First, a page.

New Year’s resolutions into new realities


Claire Meyer

As a form of aerobic exercise, running can reduce stress and improve heart health.

I am not going to lie, a lot about the recent world situation feels bleak. Pretty much everything is canceled, the only thing we have to do now is online homework and Tik Tok, and we can’t leave our houses to go visit family or friends. It has not been a good spring for the world as a whole.

And, for me at least, I am learning to be okay with that. My junior year did not go as planned, but there really is not anything I can do about that. As I write this, I know that I can’t do anything about the many disappointments that have happened over the last few months. And it needs to be acknowledged that this is very difficult for many people. But, it can’t be dwelled on. I am included in this.

It had been a dream of mine to complete something so challenging since I was little.

— Caroline Ragland, 11

In January, I set out a very big goal for myself. I wanted to run a 10k. It had been a dream of mine to complete something so challenging since I was little. I grew up watching my dad run these races, and I always admired how much effort and time he put into challenging himself in that way. I had been a runner on and off since I was in eighth grade, but I never set such a definitive goal for myself.

Running that much, at one time, with other people, is a very hard thing to do. The race is about six miles, but there are other factors contributing to its difficulty. When I run by myself, there is no one around. I can stop and break for as long as I want, it’s silent, and most of all, it is usually dark. A 10k is a timed race. There really isn’t a lot of time to waste. This is a big deal.

It’s different in other ways too. Running in a race isn’t like running around a neighborhood at 5 a.m., runners are actually competing. And while there is a lot of camaraderie surrounding the event as a whole, there’s also a level of competition. And, as someone who does not enjoy exercising around people, it takes a lot of courage to leave my comfort zone to get out there and run with strangers.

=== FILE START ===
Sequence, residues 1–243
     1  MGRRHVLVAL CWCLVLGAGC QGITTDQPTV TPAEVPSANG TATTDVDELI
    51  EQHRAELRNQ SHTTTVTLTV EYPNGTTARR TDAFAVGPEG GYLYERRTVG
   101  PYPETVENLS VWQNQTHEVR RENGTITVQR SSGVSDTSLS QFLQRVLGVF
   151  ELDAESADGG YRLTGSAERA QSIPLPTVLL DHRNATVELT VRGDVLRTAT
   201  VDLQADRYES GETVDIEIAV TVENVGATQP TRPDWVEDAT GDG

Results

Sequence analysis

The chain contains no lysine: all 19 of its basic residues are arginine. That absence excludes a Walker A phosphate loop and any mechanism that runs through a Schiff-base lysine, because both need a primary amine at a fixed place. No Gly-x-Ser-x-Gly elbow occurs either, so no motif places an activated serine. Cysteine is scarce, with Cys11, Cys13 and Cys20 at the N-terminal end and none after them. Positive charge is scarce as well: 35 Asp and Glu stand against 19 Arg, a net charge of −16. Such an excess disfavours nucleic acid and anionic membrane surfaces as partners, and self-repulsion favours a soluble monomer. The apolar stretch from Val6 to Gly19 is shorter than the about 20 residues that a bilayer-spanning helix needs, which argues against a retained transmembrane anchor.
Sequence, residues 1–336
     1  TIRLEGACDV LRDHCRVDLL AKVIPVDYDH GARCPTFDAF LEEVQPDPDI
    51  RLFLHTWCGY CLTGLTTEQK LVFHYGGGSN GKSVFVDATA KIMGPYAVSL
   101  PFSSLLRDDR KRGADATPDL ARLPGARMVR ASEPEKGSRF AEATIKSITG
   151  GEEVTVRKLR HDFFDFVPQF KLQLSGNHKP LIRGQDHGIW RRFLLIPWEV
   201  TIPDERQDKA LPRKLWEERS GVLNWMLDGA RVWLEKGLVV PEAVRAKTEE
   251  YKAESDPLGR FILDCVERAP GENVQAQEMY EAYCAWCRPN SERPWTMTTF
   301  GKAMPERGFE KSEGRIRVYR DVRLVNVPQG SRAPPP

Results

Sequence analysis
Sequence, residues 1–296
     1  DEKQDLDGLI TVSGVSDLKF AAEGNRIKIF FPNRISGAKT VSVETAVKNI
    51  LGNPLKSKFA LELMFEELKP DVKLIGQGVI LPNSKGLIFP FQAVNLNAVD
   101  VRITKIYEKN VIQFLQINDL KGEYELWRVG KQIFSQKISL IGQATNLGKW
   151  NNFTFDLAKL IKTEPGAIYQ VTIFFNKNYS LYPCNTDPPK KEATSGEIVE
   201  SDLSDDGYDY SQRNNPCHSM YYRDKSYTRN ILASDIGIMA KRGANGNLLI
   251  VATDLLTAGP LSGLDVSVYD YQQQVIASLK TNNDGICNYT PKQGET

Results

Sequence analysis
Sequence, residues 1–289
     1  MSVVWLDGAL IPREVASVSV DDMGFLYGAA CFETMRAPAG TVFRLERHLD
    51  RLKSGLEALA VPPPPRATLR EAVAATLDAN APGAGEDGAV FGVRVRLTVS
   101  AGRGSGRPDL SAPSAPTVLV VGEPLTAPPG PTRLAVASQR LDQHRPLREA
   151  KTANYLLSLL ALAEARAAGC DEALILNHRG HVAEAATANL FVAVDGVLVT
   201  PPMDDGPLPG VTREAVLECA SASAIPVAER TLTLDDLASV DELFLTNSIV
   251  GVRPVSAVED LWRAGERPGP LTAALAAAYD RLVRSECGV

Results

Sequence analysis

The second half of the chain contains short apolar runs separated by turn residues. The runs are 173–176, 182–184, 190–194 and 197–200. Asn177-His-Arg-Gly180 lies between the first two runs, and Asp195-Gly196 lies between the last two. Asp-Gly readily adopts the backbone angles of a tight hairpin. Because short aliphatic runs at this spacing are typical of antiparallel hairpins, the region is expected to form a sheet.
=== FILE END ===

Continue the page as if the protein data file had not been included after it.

Despite all of this, I was doing really well. I began training at the end of December, and I was on track to being able to finish the race with a good time and with a few breaks squeezed in. And then, much like other things I was looking forward to, my 10k was canceled. The announcement came right before spring break that my goal race, which was in May, wouldn’t happen.

It felt like all of my work was for nothing.

— Caroline Ragland, 11

I was crushed. I spent three months preparing for this, and in three sentences, it felt like my entire progress was pointless. I was eating right, I wasn’t drinking sodas, and I was getting up really early in the morning. It felt like all of my work was for nothing.

After that, I went to New York with the band. I ate everything I could, I only drank sodas, and I spent the two weeks after sleeping and staring at my phone.

It took me a few weeks to get up and start running again. I worked up to two miles a day on rougher trails. I was really doing well. I became motivated and I was feeling really good about myself and my situation as a whole.

Quarantine isn’t fun for anybody. But, we all have to make the best of the situation, and for me, that is running.